UK Manufacturing PMI: Industry downturn deepens to seven-month low

Posted on 1 Aug 2023 by James Devonshire

The UK manufacturing industry's downturn deepened in July, hitting a seven-month low, with output, new orders and export demand all declining, according to the latest S&P Global / CIPS UK Manufacturing PMI®.

July 2023 UK Manufacturing PMI key findings:

  • Output and new orders fall at faster rates
  • Weak global conditions hit export demand
  • Input prices fall for third successive month

July saw the seasonally adjusted UK Manufacturing PMI fall to 45.3, the lowest it has been in 2023, down on June’s reading of 46.5. A reading below 50 suggests contraction in the sector and we have now been in this territory for 12 months.

UK manufacturers across the board (consumer, intermediate and investment goods) saw rates of contraction in output, new orders and employment all accelerated last month. Businesses attributed the slump to weak domestic and overseas markets, overstocked customers and streamlining efforts within their own organisations.

Meanwhile, manufacturers said that average input prices fell for the third consecutive month in July. Increased competition between suppliers, weak input demand and
lower transportation and energy costs are often linked to such a reality.

Commenting on the latest survey results, Rob Dobson, Director at S&P Global Market Intelligence, said: “July saw a deepening of the UK’s manufacturing downturn. Output fell at the quickest pace since January, as overstocked clients, rising export losses, higher interest rates and the cost-of-living crisis coalesced to create a worrying intensification of the slump in demand. Although manufacturers maintain a generally positive outlook for the sector, with over half still expecting output to rise over the coming year, other forward-looking indicators show the mire that industry is currently facing. Domestic and export demand are weakening, and backlogs of work are declining sharply, all of which likely presages further cutbacks to production, employment and purchasing in the months ahead.

“The only upside is that prices are falling in this environment of sharply deteriorating demand, with cost pressures also helped lower by further repair to supply chains. Supplier performance improved for the sixth successive month, while raw material prices fell for the third month in a row. However, while good news for inflation, lower prices are largely a symptom of malaise and hence bode ill for manufacturers’ profits, which may in turn hit investment.”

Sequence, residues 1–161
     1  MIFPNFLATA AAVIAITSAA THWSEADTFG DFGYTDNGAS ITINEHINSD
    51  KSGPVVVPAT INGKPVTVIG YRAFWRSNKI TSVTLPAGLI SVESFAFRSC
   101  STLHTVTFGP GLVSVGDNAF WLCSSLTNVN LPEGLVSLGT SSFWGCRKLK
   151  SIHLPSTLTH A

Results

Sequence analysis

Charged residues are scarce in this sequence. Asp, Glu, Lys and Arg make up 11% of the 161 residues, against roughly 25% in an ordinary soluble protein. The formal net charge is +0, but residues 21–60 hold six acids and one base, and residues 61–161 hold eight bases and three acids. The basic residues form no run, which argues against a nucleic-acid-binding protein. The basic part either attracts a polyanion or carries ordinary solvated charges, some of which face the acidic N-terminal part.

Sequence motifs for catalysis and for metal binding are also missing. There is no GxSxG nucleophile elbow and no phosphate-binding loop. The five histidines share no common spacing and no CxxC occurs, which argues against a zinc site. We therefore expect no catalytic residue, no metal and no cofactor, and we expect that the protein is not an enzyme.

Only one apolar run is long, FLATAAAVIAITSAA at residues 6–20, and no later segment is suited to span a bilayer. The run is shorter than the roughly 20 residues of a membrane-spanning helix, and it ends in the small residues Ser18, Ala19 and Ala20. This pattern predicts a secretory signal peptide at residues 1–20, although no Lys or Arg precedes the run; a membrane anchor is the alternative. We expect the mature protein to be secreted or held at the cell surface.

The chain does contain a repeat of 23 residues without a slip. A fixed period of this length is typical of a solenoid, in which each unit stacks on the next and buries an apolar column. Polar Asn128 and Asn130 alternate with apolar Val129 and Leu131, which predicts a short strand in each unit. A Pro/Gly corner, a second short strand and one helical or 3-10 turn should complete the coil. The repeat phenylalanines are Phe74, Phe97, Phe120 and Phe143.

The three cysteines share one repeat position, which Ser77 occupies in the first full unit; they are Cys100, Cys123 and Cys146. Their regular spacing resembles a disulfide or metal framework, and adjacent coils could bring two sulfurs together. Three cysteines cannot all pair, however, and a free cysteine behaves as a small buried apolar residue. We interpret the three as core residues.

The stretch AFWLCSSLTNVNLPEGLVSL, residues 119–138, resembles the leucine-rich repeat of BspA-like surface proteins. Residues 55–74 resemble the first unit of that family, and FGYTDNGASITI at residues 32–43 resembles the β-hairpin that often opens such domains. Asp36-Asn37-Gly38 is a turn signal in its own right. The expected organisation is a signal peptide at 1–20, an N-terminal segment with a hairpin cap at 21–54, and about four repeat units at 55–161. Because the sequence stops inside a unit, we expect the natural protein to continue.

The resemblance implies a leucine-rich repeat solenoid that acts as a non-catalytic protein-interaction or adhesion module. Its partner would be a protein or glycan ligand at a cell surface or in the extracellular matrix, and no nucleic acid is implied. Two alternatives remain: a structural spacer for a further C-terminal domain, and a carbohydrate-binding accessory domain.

Dr. John Glen, Chief Economist at the Chartered Institute of Procurement & Supply, said: “The outlook for the manufacturing sector darkened again in July with a sudden fall in output and one of the worst since the pandemic. Manufacturers have registered a reduction in activity in all-bar one month during the past year as new work and employment levels shrank back.

“The lowest orders since last November from overseas customers was particularly surprising, just when signs of improvements in global marketplace activity had started to appear, new work from the Eurozone was subdued just as domestic work dried up.

“Although costs for some materials were still being driven higher by inflationary rises, taking a huge bite out of business cashflow, the cost of many more inputs showed sharp drops on the back of weak demand and more availability as delivery times improved for the sixth consecutive month. This opportunity for price reductions for end consumers may take a few months to filter through as firms ensure a more stable footing for their operations for the second half of 2023.

“Overall, it seems that recovery has stalled. Concerns about further interest rate rises making borrowing more expensive and customers reluctant to buy had the sector running on empty for another month but more than half of survey respondents kept their chins up and remained hopeful about the next 12 months.”

Cara Haffey, Manufacturing and Automotive lead at PwC UK said: “We see continued signs of strain for the sector with July’s PMI at 45.3, signalling the joint-weakest result since May 2020 and the lowest of 2023 so far. With the PMI remaining at a sub-50 level for 12 consecutive months, contractions in new business and output are outstaying their welcome in the sector. Encouragingly, we see that challenging operating environments are not dampening sector optimism too severely, as 53% of manufacturers reported that they expect output to rise over the coming year, an increase in positive sentiment from the six-month low in June.

“Obstacles very clearly remain in employment and retention, as the rate of employment decreased at a seven-month high for the tenth consecutive month in July. The PMI notes that companies linked lower staffing levels to demand weakness, strong competition and efforts to protect margins, however when considering that over half still expect output to rise over the coming year, thought must turn to equipping and skilling the workforces that are vital to delivering growth.

“Better news saw the quickening of average vendor delivery times in July, with supplier performance improving for the sixth month in a row and lead times shortening in the consumer, intermediate and investment goods sectors. Average input prices also fell for the third consecutive month in July. The question manufacturers will face is a balance between whether to take advantage of cheaper costs and increase output and product stocks for when output rises – or whether to reign in activity, reduce overstocking issues and streamline operations in a period of weakened demand.”

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